Wellington Scoop

Te Papa’s bugs exhibition closes, after 130,000 visitors

News from Te Papa
Te Papa’s spectacular science exhibition about the genius of bugs closes, after a hugely successful four month season, on Easter Monday.

Created by Te Papa and Weta Workshop, the high impact, hands-on experience gives visitors the chance to learn from the genius of bugs. Visitors enter a colourful, magical space, marvel at large-scale bug models, and explore hands-on science.

Te Papa Chief Executive Rick Ellis says the exhibition has been incredibly popular with visitors of all ages. “Bug Lab exceeded our expectations and has had over 130,000 visitors across four months. Their feedback has been overwhelmingly positive.”

Mr Ellis says the hands experiences and other worldly environment of the exhibition proved a big hit, particularly with children. “The huge scale bug displays, crafted by Weta Workshop, created awe and wonder.”

Some visitors’ comments:

“There are many fascinating things about our planet that escape our knowledge until exhibitions like this come along”.
“I loved the interaction the kids were having and the parents were joining in.”
“It was amazing. So interactive and the dragon fly experience was just WOW”.

The exhibition reveals stories about the lives of bugs which have developed over millions of years, with 92% of visitors reporting that they learned something new about bugs.

“Science and technology education is hugely important for New Zealand’s future, and Bug Lab has been getting people excited about these subjects,” Mr Ellis says.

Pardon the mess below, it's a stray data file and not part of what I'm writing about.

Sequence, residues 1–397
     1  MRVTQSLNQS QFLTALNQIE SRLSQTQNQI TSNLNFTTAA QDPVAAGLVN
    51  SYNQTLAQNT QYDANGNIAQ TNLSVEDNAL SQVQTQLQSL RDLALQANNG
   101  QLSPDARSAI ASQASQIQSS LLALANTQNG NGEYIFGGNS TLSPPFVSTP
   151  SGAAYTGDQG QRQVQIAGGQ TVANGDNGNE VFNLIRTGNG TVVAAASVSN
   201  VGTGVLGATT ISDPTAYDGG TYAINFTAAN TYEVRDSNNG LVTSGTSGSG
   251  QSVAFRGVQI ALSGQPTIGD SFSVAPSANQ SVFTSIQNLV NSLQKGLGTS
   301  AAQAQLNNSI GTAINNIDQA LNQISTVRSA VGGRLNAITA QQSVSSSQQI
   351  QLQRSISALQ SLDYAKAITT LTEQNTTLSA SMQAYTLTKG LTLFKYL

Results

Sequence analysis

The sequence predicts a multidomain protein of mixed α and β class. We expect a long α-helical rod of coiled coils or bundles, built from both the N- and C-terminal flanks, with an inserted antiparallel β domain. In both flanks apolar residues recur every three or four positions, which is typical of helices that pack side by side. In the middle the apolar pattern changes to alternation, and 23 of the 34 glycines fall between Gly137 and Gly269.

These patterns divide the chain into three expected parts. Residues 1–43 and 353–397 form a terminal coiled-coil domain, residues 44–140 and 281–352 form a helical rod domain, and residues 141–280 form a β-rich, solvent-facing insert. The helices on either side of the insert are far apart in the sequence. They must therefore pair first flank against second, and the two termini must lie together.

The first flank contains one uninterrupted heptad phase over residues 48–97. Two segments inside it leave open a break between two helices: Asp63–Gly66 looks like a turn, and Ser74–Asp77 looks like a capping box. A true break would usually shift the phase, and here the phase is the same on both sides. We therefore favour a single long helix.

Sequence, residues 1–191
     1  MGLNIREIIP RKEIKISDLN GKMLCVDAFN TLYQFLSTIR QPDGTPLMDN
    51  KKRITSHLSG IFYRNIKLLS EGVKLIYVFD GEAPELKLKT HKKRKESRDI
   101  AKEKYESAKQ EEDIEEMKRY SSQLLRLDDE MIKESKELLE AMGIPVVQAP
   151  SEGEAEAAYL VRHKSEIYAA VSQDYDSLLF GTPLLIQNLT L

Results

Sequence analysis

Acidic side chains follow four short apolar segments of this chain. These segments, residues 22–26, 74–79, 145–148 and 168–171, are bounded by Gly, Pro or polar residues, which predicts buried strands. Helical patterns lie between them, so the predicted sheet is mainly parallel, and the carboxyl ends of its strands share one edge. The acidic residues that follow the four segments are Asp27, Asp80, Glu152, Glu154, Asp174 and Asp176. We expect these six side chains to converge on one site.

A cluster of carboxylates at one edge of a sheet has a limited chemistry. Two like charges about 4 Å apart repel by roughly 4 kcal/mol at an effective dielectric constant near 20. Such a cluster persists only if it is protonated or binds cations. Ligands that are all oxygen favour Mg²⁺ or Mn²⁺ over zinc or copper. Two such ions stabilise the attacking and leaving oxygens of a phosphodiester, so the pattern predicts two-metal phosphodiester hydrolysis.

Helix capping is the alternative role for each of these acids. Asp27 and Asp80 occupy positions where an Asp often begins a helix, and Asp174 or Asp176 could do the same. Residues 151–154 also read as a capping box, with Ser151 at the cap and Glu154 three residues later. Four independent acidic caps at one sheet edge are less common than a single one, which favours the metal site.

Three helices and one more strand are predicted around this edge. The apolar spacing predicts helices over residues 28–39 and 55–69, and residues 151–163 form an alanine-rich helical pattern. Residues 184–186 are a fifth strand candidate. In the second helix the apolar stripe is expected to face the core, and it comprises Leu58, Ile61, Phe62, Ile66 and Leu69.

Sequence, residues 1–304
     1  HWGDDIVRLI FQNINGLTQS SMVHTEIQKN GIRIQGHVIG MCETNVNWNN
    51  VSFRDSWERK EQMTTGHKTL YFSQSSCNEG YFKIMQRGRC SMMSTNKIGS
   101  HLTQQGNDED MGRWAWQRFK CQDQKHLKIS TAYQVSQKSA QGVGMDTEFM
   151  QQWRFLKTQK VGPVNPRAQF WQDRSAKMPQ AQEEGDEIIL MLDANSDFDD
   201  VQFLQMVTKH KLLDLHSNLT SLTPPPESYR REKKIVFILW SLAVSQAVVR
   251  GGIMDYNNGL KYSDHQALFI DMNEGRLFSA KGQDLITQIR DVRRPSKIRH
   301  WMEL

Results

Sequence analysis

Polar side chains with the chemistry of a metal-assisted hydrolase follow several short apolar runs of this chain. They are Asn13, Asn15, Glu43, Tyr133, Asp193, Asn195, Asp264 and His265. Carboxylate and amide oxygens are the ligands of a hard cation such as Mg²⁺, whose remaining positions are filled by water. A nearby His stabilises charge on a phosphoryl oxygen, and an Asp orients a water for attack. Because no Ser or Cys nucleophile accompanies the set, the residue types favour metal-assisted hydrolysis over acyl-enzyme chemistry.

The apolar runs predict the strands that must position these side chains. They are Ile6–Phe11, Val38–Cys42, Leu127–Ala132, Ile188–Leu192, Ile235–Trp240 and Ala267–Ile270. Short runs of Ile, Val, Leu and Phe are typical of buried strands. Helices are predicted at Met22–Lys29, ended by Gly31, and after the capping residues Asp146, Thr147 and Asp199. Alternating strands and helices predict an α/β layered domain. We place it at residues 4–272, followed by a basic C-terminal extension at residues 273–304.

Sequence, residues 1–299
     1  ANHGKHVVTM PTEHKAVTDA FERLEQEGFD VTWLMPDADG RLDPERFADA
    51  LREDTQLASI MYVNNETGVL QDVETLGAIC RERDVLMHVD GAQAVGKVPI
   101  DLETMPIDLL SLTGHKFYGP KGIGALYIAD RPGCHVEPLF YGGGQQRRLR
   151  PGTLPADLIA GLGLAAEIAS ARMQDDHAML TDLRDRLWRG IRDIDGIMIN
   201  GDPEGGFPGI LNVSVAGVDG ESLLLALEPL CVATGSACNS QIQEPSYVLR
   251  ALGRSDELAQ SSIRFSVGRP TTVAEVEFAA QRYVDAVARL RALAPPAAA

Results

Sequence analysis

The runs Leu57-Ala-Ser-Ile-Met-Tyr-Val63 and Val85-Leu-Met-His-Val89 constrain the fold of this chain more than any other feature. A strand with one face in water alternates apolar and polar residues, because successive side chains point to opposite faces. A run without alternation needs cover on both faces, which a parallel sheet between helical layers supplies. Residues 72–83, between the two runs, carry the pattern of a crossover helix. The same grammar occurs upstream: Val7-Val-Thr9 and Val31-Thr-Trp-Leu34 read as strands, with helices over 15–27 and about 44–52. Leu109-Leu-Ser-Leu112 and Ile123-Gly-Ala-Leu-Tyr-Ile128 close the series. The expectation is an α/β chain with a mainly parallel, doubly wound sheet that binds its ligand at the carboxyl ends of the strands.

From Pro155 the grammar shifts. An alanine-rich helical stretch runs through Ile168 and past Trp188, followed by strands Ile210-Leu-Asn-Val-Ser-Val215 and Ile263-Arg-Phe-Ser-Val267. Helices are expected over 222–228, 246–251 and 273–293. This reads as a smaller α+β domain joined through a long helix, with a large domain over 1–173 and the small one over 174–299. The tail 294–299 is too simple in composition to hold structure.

The dragonfly chamber has been a visitor favourite, closely followed by the interactive honeybee versus hornet challenge.

Exhibition Creative Director and co-founder of Weta Workshop Richard Taylor says Bug Lab is an exceptional experience. “Myself and the team at Weta Workshop were enthralled by the opportunity to collaborate with our friends and colleagues at Te Papa,” he says.

“We worked together to design and build a wildly creative, wonderfully engaging and exciting educational exhibition. Bug Lab delivers a unique look into the lives of some extraordinary inhabitants of our planet.”

The exhibition has been designed to travel the world and is to exhibit in Australia and America.

Bug lab at Te Papa closes on Easter Monday, with last entry at 5.30pm. The museum closes at 6pm.

Notes to Editors

The exhibition elements created by Weta Workshop took 40,000 hours to make, over a six-month period. Visitors enter four immersive chambers, including the ‘operating theatre’ of the iridescent female jewel wasp to watch her turn a cockroach into a zombie on which her larva feeds. She is the devoted mother, and killer brain surgeon of the bug world. Some of humankind’s best bio-inspiration efforts feature in Bug Lab. Drones based on insect flight, life-saving medicine made from venom and new body parts printed from spider silk.

Fascinating stories of New Zealand insects feature in Bug Lab. Visitors learn about Weta – son of Punga who is the God of Ugly Things, find out about Puriri moth larvae which inspired the whakairo (carving) of the Putorino (bugle flute).

Bug Lab features a debate space which promotes conversation on current topics such as edible bugs and eradicating mosquitos worldwide.

Creative leads for the exhibition are Weta Workshop’s Sir Richard Taylor and Te Papa Head of Design Ben Barraud – who worked together on Gallipoli: The scale of our war.

The science behind Bug Lab comes from Te Papa entomologist Dr Phil Sirvid, TV’s “bug man” Ruud Kleinpaste, and University of Canterbury spider scientist Dr Simon Pollard. That science has been brought to life by Te Papa’s large team of creative exhibition developers.

Te Papa acknowledges the generous support of partners Wellington City Council as Destination Partner, Technology Partner Samsung Electronics New Zealand, Logistics Partner Mainfreight, Media Partners QMS Media, New Zealand Media and Entertainment and Val Morgan Cinema Network and Wellington Regional Economic Development Agency our Marketing Partner for Major Exhibitions.

Ticket prices are $15 for adults and $5 for children, with concession and family tickets available.